China Discourages Ties With Jewish Minority

THE bat mitzvah marks a coming of age for Jewish girls, but for Yiling Chen-Josephson it also was an introduction to the belligerence of an authoritarian regime. The Jewish-Chinese girl from New York celebrated the ceremony Saturday in Kaifeng, once the home of China's largest Jewish community. She is perhaps the first Jewish girl to undergo the rite of passage in China. The ceremony is the modern answer to the bar mitzvah for boys.

Jews are believed to have come to China by way of the Silk Road, founding their most enduring community in Kaifeng, the capital of the Sung Dynasty at the time of their arrival around 1040 AD.

For Ms. Yiling, the ceremony was a celebration of her dual heritage. Her mother is a Chinese-American and her father is an American Jew.

``Having my bat mitzvah at a place where the two parts of my heritage and the strength of their traditions come together is a real thrill,'' Yiling said.

But in their search at Kaifeng for hallowed ground and self-affirmation, Yiling, her family, and an entourage that included the United States ambassador to China inadvertently walked into a political minefield. Officials nearly called off the ceremony.

Beijing is trying to bury the history of Jews in China and discourage contact between foreigners and the few hundred descendants of Chinese Jews, say Chinese officials in Kaifeng on condition of anonymity.

Henan Province officials last month denied that there were distant offspring of Jews in Kaifeng and then prevented a US reporter from meeting such descendants. In the past year all contact between foreigners and the descendants of Jews in Kaifeng had to be approved by the Henan Province government, the officials say.

China's denial of its long-gone Jewish minority is apparently just another sign of the political anxiety among the communist leadership since it crushed the pro-democracy protests in June 1989.

Censured and shunned by the West, Beijing is concerned that by acknowledging the lost Jewish minority it will insult friendly Muslim states and compound its diplomatic isolation, the officials say.

Since the Beijing massacre, Muslim states have maintained ties and not chastised China. Premier Li Peng met with a special envoy from Saudi Arabia in Beijing July 11 for talks that could lead to diplomatic ties, say Western diplomats.

Beijing also wants to muzzle any publicity of the former Jewish settlement in order to avoid piquing China's large Muslim minority. Relations between the majority Han Chinese and Muslims in the westernmost region of Xinjiang have been strained since April, when Muslim fundamentalists staged a rebellion.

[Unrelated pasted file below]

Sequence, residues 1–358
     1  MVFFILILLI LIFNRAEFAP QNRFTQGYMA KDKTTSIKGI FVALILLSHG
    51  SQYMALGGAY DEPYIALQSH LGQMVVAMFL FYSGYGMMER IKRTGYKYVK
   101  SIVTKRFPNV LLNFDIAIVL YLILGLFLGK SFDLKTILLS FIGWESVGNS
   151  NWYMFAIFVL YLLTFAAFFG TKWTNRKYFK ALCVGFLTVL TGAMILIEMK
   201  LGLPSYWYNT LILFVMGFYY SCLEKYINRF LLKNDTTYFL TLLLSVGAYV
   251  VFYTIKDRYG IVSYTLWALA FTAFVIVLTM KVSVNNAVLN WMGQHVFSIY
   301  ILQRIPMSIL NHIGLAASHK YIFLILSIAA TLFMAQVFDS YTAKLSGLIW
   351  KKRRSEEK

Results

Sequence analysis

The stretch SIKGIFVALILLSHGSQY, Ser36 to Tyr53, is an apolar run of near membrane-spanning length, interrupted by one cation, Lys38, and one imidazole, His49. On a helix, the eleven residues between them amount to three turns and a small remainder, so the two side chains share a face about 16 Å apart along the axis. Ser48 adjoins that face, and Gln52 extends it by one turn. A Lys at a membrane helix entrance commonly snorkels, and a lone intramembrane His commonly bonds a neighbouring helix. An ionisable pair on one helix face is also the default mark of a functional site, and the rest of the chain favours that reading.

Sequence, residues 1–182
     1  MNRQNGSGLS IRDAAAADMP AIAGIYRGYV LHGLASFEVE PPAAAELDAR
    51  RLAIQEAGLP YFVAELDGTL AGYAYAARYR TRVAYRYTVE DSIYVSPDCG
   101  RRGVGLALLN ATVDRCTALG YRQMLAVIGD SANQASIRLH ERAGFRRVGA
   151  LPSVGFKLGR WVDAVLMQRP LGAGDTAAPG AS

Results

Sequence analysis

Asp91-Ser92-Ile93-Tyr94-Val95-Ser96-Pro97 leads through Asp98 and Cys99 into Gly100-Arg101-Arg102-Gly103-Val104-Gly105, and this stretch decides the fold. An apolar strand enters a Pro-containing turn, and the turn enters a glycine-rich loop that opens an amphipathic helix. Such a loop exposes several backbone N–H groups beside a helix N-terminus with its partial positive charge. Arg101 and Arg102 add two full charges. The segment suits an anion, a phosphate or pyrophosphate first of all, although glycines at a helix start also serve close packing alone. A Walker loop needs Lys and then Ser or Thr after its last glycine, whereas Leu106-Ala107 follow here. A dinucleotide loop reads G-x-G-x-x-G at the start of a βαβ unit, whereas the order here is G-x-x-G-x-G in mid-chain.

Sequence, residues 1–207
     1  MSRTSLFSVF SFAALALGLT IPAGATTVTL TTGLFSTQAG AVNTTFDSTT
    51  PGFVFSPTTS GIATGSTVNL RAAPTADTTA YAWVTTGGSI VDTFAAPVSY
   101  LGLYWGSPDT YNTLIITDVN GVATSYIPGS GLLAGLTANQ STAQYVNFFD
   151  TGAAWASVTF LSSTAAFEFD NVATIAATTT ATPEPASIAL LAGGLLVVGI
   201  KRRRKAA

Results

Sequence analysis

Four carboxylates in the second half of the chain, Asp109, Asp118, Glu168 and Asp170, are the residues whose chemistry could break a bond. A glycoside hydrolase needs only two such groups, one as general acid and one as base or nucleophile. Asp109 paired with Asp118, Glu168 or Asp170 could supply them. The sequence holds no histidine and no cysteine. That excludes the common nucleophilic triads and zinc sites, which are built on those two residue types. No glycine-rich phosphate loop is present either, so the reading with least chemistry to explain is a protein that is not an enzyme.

Moreover, Beijing is worried that foreign Jews will seek to subvert the government and promote liberal ideals on the pretext of searching for traces of Jewish brethren, say the officials.

Finally, misunderstanding and ignorance also soured officials on Yiling's bat mitzvah.

Officials were concerned that the entourage included Yiling's family friends from Israel - which does not have diplomatic ties with China - and US Abassador to China James Lilley. They were particularly alarmed to receive applications from foreign journalists to cover the ceremony, says Marvin Josephson, Yiling's father.

``The officials don't have a clear understanding of Israel, Zionism, and Judaism and they confuse all three,'' says Mr. Josephson.

Ironically, officials today flout the spirit behind a history of state tolerance toward Jews in China spanning several centuries.

The earliest Jews came to Kaifeng with goods from Central Asia and were gradually recognized by the imperial government. They became silversmiths, craftsmen, and businessmen and many distinguished themselves in officialdom, says Wang Yisha, a specialist on the Kaifeng Jews.

``The Jews flourished in Kaifeng because their beliefs and traditions were respected by the imperial government; there was never any hostility between Jews and Hans or other ethnic groups in China,'' says Mr. Wang.

Jews intermarried with their Han or Muslim neighbors and the small settlement gradually faded away after the death of the last Kaifeng rabbi in 1850. A few hundred of their descendants remain in Kaifeng today.

``Here was a people who came and were allowed to settle, practice their religion,'' Josephson says. ``And they disappeared more for pressures of assimilation than prejudice and discrimination.''

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